All posts tagged OAAA

Opportunities for More Efficient Media Buying and Selling Using the RFP Tool

The OAAA’s ‘Take Another Look’ initiative outlined the need to rethink process and expand technology applications. Many agree the lack of standards is holding the industry back, and both buyers and sellers have said they see the value in a common way of distributing RFPs and collecting proposal information. The industry has spoken, and once again we have listened and acted.

To build upon the release of DOmedia’s new RFP 2.0 features, I would like to share some the most common opportunities we observe in the RFP process:

Opportunities for Sellers to Help Buyers

  1. Use the Buyer’s Template
    Many sellers have a proposal tool, which generates an Excel spreadsheet, or PDF that presents information in the way sellers want to sell. The tricky part is when the buyers send out a template, they are trying to guide the way they want to review your proposal. If sellers submit proposals in their own format, it creates more work for the buyers to convert them into a consistent format they can use. Some buyers don’t mind taking the time to convert your proposal information into their template, but for others it’s a hurdle, which can have a negative result for the seller. The buyers do want to understand what sets you apart so they don’t ignore additional information you provide; they just prefer it in their format.
  2. Understanding “Unit #” Versus “# of Units”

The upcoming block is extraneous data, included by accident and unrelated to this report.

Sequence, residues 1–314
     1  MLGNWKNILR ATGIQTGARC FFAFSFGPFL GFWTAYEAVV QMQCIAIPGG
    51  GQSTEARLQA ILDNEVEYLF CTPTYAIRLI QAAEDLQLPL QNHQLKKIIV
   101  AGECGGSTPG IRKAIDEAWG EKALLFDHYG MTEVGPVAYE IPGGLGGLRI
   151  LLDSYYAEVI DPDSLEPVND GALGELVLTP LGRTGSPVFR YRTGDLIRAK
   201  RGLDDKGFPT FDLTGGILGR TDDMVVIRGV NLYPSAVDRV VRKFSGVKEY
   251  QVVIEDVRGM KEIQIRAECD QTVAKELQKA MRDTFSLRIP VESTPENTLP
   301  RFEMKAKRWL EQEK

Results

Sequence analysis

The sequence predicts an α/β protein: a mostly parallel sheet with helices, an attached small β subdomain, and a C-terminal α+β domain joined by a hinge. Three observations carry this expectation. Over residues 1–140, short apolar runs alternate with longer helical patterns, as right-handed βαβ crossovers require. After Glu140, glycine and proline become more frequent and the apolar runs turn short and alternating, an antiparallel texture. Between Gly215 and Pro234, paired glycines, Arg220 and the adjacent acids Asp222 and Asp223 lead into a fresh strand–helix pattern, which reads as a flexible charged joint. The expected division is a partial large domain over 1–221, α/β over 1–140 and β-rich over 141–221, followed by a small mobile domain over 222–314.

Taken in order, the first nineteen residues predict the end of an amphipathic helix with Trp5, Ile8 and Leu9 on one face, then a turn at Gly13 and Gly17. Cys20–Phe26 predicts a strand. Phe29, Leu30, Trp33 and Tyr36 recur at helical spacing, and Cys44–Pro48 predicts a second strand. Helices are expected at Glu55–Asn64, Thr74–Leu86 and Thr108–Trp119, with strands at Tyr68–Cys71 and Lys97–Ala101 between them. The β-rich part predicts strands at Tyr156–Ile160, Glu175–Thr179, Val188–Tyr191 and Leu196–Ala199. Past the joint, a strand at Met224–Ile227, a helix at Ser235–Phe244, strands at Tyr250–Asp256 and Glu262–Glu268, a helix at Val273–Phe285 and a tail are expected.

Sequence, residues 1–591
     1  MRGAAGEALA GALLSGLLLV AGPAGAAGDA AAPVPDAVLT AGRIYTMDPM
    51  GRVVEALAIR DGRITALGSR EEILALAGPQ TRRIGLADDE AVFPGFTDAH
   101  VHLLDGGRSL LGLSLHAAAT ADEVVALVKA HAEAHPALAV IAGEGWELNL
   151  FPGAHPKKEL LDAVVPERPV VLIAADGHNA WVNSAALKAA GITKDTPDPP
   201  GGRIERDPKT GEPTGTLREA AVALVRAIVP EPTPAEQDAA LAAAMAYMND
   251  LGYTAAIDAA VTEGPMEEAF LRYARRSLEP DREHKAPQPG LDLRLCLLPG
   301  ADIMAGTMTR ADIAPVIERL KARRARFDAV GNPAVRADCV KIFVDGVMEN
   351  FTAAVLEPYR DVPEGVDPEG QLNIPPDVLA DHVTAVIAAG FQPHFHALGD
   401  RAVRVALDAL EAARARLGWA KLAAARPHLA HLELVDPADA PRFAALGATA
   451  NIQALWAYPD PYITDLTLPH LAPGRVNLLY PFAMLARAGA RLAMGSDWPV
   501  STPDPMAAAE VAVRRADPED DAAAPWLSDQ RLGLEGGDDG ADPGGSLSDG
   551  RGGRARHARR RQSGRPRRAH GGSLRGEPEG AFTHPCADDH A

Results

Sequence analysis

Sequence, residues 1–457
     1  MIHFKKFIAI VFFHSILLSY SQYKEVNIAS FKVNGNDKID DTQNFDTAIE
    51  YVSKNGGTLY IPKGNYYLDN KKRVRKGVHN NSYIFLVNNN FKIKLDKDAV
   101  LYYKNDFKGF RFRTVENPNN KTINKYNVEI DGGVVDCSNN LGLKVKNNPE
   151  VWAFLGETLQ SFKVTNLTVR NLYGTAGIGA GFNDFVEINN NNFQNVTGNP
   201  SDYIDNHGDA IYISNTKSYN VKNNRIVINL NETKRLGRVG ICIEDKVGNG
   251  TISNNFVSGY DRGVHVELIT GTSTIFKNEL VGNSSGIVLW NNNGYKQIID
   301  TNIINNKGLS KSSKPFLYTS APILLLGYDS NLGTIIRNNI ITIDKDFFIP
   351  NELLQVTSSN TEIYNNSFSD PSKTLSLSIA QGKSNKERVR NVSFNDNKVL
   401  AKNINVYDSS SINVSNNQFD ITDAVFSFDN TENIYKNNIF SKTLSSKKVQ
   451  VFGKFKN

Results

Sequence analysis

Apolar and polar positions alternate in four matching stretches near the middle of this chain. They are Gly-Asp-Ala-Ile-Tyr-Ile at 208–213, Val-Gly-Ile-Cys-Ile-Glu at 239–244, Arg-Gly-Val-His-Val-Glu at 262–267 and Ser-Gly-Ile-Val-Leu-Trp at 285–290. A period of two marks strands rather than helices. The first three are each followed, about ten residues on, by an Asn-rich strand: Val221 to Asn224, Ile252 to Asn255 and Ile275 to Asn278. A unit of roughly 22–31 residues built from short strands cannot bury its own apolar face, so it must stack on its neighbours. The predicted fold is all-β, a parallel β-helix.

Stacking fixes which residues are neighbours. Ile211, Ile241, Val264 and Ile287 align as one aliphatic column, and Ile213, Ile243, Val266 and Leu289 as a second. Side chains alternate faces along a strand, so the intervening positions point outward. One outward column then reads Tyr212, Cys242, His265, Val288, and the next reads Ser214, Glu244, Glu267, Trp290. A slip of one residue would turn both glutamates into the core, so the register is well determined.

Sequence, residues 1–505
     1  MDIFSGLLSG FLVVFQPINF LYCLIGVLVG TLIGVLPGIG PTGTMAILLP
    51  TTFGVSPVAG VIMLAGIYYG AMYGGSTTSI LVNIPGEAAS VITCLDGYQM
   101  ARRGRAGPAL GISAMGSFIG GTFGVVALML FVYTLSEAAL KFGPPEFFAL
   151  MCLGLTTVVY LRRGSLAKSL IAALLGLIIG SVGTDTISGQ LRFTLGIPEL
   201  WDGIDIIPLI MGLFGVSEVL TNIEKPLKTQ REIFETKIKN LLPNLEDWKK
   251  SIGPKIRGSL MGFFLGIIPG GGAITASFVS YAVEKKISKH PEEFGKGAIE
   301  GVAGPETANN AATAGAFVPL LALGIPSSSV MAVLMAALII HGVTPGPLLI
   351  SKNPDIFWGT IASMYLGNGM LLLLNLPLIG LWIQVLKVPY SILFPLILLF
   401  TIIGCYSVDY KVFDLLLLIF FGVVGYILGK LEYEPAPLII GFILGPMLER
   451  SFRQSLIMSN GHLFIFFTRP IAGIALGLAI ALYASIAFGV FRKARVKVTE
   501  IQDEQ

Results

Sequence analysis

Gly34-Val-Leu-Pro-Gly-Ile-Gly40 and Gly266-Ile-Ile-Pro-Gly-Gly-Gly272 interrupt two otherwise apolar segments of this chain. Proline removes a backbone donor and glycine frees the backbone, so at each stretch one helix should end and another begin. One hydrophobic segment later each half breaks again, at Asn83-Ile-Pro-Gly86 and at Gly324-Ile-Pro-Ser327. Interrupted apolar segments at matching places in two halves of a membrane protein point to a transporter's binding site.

This is a simple issue to look out for and getting it right lets the buyer know if the seller is paying attention to their request. “Unit #” is the inventory number or panel id, whereas “# of Units” lets the buyer know if the proposal has multiple faces or is part of a package.
  3. Provide Impression Measures
    There are many times when sellers leave impressions blank or put “N/A” in the column. This puts the buyers in a difficult position. We know there is no apples-to-apples comparison of different media formats because each opportunity is unique, but it is important to try to quantify who is being exposed to the ad. Another issue with impressions is when the seller gives with wrong time unit (weekly versus monthly). This affects the buyer’s calculations. Finally, another hiccup that buyers encounter is when the impressions number is not formatted correctly (i.e. 50MM or 000′s) – be sure to pay attention to the format requested by the buyer.
  4. If You Can’t Offer a Proposal, Be Sure to Decline an RFP Properly
    A buyer includes sellers in the RFP that they think can best cover the client’s needs for that campaign. Sometimes an included seller is unable to submit a proposal. The great thing about the DOmedia RFP tool is that both sides can learn over time what is the cause of seller declining. The seller should clearly define why they are unable to submit (i.e., don’t offer that format, no coverage in that area, no more inventory). This allows the buyers to continue to include the right sellers in the future and also provides insight to  profile update requirements.

Opportunities for Buyers to Help Sellers

  1. Use an RFP Template Consistently
    The majority of RFPs have a set of “questions” that need to be answered. However, if the buyer is rushed or sending a simple request, they sometimes elect not to include a template, thereby possibly resulting in incomplete information being given to the seller.  This may result in additional communication (and time) between the buyer and seller to fully understand the client needs. DOmedia solved this issue by having a standard brief and “set of questions” (RFP template in 2.0) that are always asked for every RFP. This template can be added to by the buyer; thus allowing flexibility for the buyers while giving the sellers a consistent experience. 
  2. Request Rate Card Rates